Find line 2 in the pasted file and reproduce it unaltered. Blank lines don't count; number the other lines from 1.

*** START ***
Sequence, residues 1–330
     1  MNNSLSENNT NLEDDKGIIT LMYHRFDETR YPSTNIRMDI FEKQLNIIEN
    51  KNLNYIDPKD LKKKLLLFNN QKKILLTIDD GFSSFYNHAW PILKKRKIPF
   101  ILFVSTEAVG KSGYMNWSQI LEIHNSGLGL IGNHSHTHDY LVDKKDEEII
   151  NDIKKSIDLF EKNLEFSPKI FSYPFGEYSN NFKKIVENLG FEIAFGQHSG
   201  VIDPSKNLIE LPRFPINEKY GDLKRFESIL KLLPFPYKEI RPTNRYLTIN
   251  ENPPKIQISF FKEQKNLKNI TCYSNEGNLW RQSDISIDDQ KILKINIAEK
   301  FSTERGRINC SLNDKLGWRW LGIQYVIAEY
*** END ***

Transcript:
     1  MNNSLSENNT NLEDDKGIIT LMYHRFDETR YPSTNIRMDI FEKQLNIIEN